A safe space with services for NH's aging homelessBy ROBERTA BAKER
New Hampshire Union Leader
August 04. 2018 8:05PM
CONCORD - Backpacks and overstuffed tote bags dot the yard, between mountain bikes parked at odd angles and four gray-haired men inhaling the last drags on morning cigarettes. Nearby, a little girl wearing a Burger King crown leans into her mother, while her younger brother and sister shuffle their sneakers and wait for the front door to open at 9 a.m.
Inside waits an oasis - an all-weather refuge from the daily struggle of living without enough money or a permanent home. Since 2009, first in the basement of South Congregational Church and now in a house at 238 N. Main St., the Concord Homeless Resource Center has provided a meeting place and a critical link to services for Concord's homeless and those living on the edge.
Last year, 627 individuals used the center; 68 reported their ages as 60 or older; 82 didn't disclose. Those numbers include seniors whose monthly checks don't cover rising housing and food costs, and others who have been homeless for years, including Charlie Houston.
Houston, 60, lives in a teepee in the woods near downtown Concord, and carries an Army-green backpack containing the hand-lettered cardboard sign he holds in front of the Bed, Bath & Beyond store on Loudon Road: Homeless. Anything Will Help. God Bless.
He never learned to read or write as a child, and sometimes has trouble understanding what people say, and needs things repeated several times. He credits childhood stints in the Boy Scouts and Cub Scouts with the skills he's employed to survive for eight years outdoors.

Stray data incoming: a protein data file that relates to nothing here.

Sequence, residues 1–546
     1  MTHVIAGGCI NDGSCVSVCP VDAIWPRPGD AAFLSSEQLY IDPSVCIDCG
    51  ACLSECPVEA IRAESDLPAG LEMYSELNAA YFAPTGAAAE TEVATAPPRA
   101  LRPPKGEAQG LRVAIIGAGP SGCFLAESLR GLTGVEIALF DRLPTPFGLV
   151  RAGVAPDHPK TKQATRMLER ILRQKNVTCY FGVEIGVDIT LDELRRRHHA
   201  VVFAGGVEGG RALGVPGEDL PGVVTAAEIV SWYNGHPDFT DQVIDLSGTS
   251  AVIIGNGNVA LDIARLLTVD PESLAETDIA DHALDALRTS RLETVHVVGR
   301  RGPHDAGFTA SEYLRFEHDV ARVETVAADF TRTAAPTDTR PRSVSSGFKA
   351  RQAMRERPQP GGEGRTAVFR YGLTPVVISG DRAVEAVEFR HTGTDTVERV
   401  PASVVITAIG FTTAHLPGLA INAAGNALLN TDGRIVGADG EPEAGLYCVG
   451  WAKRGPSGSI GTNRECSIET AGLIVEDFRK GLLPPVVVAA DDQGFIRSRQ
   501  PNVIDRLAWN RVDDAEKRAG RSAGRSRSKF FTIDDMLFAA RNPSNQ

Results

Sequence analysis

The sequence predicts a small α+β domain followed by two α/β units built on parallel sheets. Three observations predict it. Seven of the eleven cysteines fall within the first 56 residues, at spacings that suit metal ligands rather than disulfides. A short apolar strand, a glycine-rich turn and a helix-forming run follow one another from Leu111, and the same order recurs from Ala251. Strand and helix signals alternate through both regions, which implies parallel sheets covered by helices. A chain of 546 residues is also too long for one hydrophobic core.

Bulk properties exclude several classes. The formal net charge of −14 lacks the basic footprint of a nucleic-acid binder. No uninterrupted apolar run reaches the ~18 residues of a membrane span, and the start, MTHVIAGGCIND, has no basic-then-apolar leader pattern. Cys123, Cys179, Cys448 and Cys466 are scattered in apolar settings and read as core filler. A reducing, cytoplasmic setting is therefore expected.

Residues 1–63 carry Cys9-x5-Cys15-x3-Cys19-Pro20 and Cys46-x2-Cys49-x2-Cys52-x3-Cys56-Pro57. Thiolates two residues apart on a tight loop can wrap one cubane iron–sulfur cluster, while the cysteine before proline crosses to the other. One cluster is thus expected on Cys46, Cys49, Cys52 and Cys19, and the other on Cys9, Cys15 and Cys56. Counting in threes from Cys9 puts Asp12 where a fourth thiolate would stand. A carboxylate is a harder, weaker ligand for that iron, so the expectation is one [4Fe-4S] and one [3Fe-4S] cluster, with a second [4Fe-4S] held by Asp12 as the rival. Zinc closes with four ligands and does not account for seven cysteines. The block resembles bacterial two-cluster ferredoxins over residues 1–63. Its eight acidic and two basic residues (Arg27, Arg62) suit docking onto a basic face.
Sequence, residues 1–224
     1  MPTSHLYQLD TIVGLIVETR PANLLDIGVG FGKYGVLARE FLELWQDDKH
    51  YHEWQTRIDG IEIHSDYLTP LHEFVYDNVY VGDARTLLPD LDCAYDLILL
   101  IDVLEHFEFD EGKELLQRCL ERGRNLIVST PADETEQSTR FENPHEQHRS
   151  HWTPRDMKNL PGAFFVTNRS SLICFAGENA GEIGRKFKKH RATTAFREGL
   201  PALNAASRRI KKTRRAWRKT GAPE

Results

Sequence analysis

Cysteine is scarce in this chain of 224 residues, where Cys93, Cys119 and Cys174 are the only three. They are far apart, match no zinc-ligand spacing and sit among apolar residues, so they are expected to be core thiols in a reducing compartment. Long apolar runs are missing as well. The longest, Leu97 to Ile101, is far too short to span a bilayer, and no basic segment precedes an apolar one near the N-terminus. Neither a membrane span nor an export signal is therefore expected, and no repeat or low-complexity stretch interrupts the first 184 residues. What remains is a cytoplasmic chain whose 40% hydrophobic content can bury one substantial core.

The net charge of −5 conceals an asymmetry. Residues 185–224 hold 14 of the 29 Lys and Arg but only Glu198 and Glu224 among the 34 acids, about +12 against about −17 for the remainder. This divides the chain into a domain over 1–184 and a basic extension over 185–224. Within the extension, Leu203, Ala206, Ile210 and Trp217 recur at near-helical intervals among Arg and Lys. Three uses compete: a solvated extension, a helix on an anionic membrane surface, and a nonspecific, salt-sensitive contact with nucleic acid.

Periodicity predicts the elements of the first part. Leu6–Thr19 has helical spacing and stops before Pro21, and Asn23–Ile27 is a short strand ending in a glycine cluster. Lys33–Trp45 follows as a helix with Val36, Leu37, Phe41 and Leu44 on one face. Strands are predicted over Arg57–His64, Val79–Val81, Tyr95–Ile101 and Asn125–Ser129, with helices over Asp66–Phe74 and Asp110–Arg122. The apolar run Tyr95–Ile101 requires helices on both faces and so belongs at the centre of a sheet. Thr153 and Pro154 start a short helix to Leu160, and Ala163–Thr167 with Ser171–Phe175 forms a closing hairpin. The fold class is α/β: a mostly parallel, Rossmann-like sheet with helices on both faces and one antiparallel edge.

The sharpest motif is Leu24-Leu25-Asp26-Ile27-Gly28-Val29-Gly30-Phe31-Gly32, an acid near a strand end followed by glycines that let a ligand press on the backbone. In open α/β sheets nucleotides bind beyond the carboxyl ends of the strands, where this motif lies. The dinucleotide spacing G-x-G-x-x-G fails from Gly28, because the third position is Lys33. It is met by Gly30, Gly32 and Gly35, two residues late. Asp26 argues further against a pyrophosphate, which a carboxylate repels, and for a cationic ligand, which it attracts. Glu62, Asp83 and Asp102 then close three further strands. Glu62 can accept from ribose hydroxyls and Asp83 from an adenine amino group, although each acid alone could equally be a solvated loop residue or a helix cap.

"As long as you're above where the water settles, you're fine," he said. "I have some regular customers who help me out. I'm just grateful. As long as you're polite and courteous, people like to help."
Houston comes to the resource center to pick up his mail. He knows most of the regulars. The atmosphere is welcoming. He stays for coffee and a snack.
Each weekday from 9 a.m. to 1 p.m., the center serves about 40 people on an annual budget of roughly $66,000, not counting donated services, food, and supplies. Most importantly, it provides a nonthreatening, nonjudgmental port for connection to long-term housing, mental health and emergency services, registration for social services and help with other governmental paperwork.
A Concord Hospital Family Health Center team comes monthly to check vital signs, dress wounds and give short-term care, and connect new patients with primary physicians on a sliding scale. Barbers from Empire Beauty School give free haircuts once a month. Regulars use the free phone and fax, computers, internet, showers and laundry machines, and often list the center as a permanent mailing address. Case workers are available whenever the building is open. Out back, a newly constructed 40-bed shelter provides a place to sleep during the winter. Especially toward the end of each month, when public assistance checks run out, people stock up on donated food.